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The New History of Methodism
Gender, emotion, medicine, electricity, ecology, literacy, rhetoric—these terms are a little thin in the indices of the standard books on John Wesley and the history of Methodism. More typical would be doctrinal entries ("Christian perfection") or intellectual references ("Epistemology, John Locke") or sources from church history ("Homilies, Pseudo-Macarian"). But if the books reviewed for this essay are any indication, a new interdisciplinary exploration of the history of Methodism is underway and more room will need to be made in future indices. There will need to be space for "dreaming" after "deism" and for "electrotherapy" before "evangelical." Somewhere after "lay preaching," the typesetter will need to find spots for "Leyden Jar" and "literacy practices" too. It seems that religion is integral to more of life in the 18th century than we once thought.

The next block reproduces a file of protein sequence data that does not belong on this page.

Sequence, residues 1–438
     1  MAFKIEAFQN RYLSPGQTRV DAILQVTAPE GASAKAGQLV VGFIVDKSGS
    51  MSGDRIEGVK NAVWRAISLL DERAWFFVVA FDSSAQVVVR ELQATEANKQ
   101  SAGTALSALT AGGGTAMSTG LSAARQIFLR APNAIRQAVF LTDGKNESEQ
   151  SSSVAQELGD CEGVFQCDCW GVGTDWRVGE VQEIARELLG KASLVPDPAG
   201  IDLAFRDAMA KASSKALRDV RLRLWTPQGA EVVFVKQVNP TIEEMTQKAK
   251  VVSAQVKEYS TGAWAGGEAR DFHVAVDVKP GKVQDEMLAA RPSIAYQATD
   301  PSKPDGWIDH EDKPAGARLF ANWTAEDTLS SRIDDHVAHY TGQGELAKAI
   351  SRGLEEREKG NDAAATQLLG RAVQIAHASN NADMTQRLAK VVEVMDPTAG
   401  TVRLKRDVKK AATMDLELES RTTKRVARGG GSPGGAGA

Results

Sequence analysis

Methodism is a good proving ground for testing the extent to which the modernity of the 18th century was essentially secular. The literary remains of the early Methodist movement in books, pamphlets, and manuscripts are considerable, and much of this is now readily available in critical editions. Moreover, digital collections, such as the Eighteenth-Century Collections Online (ECCO, pronounced "echo" for the cognoscenti), have opened the rare books of the world's libraries to the humble scholar working on Methodism at home in his or her pajamas with a cup of coffee beside the computer. This newly accessible material includes a wide range of texts by lay men and women. The availability of reliable sources and the new capacity to search across this whole corpus, or to dig down into it more deeply, is at least part of what allows scholars probe early Methodism in fresh ways. For those willing to travel and to work in the archives, there is more material yet. Taken as a whole, the literature of Methodism offers a nice crosssection of 18th-century society, including its middle and lower orders, and it is open for ...